We were unable to find any conclusive evidence of whether this is a real thing or not, but several myth-busting websites have at least confirmed that some Disneyland parks unleash feral cats after the park closes every night to chase away and/or munch on the inevitable rats that sneak in for leftover food scraps. Quite how they round them up every morning, however, is another matter entirely…

7. Kids have been abducted for organ harvesting

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Source: Wikimedia Commons

Not to appear insensitive, but in a crowded place with so many kids roaming around barely supervised, there’s bound to be a scare or two every once in a while. But Japanese urban legends have it that kids in TDL are abducted from time to time for organ harvesting.

Some of the legends even claim that park staff are in on the con, purposely misleading parents of lost children so the child can be safely dragged away…

8. One attraction apparently caused a plane crash

This urban legends says that, at a seemingly random time, a particular ride with several movie screens and lots of noises, abruptly stopped. Concerned patrons later researched and learned that the time the ride stopped was only minutes after a plane just overhead went into a nosedive and crashed. The legend alludes that the particular frequency of the ride’s sound effects interrupted crucial flight gear and caused the plane’s abrupt descent.

The legend is almost certainly inspired by a real-life 1984 incident in which a small plane crashed into the EPCOT parking lot in Florida, resulting in several deaths.

9. At least one ghost haunts the “Haunted Mansion” attraction

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Source: Wikimedia Commons

According to this legend, many guests at the Tokyo Disney Sea theme park report seeing different haunting “decorations” inside the ride which don’t actually exist.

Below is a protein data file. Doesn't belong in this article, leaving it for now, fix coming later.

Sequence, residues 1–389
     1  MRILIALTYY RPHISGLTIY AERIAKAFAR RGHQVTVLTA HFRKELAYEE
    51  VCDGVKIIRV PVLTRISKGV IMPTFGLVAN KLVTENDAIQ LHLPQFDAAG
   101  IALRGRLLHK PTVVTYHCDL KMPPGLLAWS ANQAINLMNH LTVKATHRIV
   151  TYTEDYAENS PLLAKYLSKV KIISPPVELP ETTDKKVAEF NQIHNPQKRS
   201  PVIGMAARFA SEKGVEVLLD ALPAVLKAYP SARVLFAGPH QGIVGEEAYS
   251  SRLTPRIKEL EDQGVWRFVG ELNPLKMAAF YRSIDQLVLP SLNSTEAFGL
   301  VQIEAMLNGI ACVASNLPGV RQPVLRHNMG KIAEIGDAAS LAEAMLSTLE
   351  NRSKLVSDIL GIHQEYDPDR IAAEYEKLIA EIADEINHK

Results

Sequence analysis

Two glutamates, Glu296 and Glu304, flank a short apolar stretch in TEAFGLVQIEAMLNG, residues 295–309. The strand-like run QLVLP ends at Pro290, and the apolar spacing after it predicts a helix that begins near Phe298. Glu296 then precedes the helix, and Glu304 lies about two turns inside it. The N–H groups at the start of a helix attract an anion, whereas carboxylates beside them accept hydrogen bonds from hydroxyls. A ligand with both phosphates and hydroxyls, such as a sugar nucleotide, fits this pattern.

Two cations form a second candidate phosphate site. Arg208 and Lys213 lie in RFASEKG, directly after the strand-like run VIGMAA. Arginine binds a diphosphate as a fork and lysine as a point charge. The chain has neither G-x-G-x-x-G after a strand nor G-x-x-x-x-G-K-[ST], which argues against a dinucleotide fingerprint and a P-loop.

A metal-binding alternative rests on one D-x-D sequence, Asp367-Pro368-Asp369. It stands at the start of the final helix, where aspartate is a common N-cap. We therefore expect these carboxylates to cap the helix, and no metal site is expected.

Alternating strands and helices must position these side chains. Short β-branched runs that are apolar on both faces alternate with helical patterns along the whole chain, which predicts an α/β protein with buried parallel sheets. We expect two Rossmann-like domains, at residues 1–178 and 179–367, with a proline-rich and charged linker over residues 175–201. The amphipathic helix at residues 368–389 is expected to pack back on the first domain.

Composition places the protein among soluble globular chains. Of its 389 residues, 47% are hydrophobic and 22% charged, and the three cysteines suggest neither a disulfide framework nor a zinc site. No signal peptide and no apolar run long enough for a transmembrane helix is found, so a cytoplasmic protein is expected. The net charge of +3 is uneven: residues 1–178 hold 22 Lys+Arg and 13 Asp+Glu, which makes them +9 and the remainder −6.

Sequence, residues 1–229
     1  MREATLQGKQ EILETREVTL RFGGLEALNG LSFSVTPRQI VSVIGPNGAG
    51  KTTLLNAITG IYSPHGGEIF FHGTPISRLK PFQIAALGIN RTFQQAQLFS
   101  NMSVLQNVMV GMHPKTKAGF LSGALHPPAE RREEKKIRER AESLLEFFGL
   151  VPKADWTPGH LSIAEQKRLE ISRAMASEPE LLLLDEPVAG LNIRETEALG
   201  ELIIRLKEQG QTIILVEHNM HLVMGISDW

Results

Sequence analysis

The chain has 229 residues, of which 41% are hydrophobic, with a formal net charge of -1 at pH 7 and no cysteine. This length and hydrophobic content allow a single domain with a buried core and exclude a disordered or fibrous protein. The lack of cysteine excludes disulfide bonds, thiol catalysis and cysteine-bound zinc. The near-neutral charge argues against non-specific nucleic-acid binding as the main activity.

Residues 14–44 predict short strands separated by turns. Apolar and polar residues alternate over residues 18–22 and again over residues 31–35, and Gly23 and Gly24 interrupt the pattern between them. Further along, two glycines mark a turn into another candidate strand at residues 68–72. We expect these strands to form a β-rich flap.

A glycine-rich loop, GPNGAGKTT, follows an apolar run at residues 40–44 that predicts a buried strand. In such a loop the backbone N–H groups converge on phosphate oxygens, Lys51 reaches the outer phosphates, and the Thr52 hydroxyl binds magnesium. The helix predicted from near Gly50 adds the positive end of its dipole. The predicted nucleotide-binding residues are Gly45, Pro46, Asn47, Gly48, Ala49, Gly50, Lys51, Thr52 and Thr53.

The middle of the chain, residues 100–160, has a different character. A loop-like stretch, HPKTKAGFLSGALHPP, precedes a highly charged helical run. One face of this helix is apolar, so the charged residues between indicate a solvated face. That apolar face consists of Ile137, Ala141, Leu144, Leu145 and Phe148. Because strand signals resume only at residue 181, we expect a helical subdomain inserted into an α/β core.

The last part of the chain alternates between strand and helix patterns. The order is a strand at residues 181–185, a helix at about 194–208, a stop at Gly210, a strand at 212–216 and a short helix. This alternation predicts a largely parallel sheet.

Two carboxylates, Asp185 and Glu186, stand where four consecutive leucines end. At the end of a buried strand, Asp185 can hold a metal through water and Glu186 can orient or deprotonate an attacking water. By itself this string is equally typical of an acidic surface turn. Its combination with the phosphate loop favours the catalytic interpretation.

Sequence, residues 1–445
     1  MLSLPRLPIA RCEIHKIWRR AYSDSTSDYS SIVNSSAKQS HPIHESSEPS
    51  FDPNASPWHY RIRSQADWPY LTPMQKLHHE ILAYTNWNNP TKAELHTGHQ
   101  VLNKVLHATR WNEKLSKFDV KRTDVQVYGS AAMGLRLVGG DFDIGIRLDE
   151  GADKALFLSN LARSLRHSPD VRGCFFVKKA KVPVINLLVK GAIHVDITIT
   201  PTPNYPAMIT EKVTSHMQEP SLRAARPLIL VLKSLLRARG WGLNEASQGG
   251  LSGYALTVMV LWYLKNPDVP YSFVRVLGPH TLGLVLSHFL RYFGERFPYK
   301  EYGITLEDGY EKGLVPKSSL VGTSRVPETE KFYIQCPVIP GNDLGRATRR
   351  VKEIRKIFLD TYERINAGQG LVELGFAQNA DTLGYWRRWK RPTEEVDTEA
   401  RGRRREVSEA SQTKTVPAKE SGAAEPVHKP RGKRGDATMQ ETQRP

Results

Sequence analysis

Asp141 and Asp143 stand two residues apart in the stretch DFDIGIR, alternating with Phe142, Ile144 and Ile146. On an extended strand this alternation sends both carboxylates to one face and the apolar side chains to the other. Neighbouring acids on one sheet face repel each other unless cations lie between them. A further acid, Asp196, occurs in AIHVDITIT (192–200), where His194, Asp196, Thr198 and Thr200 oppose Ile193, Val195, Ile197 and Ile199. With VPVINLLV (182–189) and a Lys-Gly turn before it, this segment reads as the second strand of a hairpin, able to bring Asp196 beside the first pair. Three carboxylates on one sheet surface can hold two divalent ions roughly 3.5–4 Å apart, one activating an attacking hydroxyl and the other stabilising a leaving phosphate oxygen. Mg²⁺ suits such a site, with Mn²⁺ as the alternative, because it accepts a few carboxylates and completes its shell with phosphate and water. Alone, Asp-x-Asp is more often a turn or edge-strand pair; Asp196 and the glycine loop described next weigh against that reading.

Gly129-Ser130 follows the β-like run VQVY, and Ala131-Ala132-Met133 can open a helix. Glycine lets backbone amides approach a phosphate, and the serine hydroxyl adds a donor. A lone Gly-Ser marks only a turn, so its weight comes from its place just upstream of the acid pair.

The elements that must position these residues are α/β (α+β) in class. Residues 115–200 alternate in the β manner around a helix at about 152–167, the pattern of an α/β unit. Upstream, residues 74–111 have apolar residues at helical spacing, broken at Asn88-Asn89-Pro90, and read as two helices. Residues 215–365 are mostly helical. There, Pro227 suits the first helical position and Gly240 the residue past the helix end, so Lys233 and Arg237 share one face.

One story goes that a man, when surveyed what he thought of the ride, said, “The woman standing unmoving at the end of the hallway was certainly the scariest.” The thing is, there is no woman at the end of the hallway.

10. At least one janitor has been fired for sexually assaulting one of the “It’s a Small World” robots

Um… we’re kind of afraid to actually research whether this is true or not.

11. There are hidden Buddhist memorials on “Space Mountain”

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Source: Wikimedia Commons

This distinctly Japanese urban legend states that several guests have died in one way or another on the sci-fi roller coaster ride “Space Mountain”, and that hidden in the pitch-black darkness of the ride’s interior are Buddhist memorials and ritual offerings for those that lost their lives on the ride, perhaps in the hopes of assuaging the spirits’ anger.

Want to make this ride even more thrilling than it already is? Next time you’re riding around in the complete darkness of “Space Mountain,” imagine some of those dead were decapitated somehow. You’re welcome!

12. Park builders unearthed human remains when building Toon Town

According to legend, builders accidentally unearthed at least one set of human remains when building “Chip and Dale’s Treehouse” in the Toon Town section of the park. We certainly hope they weren’t ancient Native American remains, because as cheesy Hollywood films have taught us, terrible things happen when you accidentally disturb a Native American burial ground.

Apart from these urban legends – which span the gamut from mostly true to completely ludicrous – there are at least a few creepy or interesting “happenings” to take place at Tokyo Disneyland that are verifiable fact:

At least one family was discovered to have illegally entered Japan just so they could visit the park, and members of the dangerous Ohm cult – infamous for the Sarin Gas Attack on the Tokyo subway in the mid 90s – actually visited the park on several occasions, even while technically still on the run from authorities.

We hope these urban legends don’t diminish your interest in going to one of Tokyo’s most popular attractions. The park really is one of the few places in Japan where you can legitimately feel like a five year-old again and, while crowded, the park is clean and ride malfunctions seem relatively rare. It’s also a great place to take a date – just so long as you remember to kiss during the fireworks.

Source: Naver Matome
Title image: Wikimedia Commons